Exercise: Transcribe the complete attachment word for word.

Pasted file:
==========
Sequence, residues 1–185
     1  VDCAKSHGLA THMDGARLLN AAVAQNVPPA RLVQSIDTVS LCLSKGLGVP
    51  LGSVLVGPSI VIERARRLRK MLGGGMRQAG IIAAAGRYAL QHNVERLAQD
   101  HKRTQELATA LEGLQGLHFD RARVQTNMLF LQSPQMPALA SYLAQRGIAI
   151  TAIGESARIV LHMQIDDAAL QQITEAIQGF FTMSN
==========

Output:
Sequence, residues 1–185
     1  VDCAKSHGLA THMDGARLLN AAVAQNVPPA RLVQSIDTVS LCLSKGLGVP
    51  LGSVLVGPSI VIERARRLRK MLGGGMRQAG IIAAAGRYAL QHNVERLAQD
   101  HKRTQELATA LEGLQGLHFD RARVQTNMLF LQSPQMPALA SYLAQRGIAI
   151  TAIGESARIV LHMQIDDAAL QQITEAIQGF FTMSN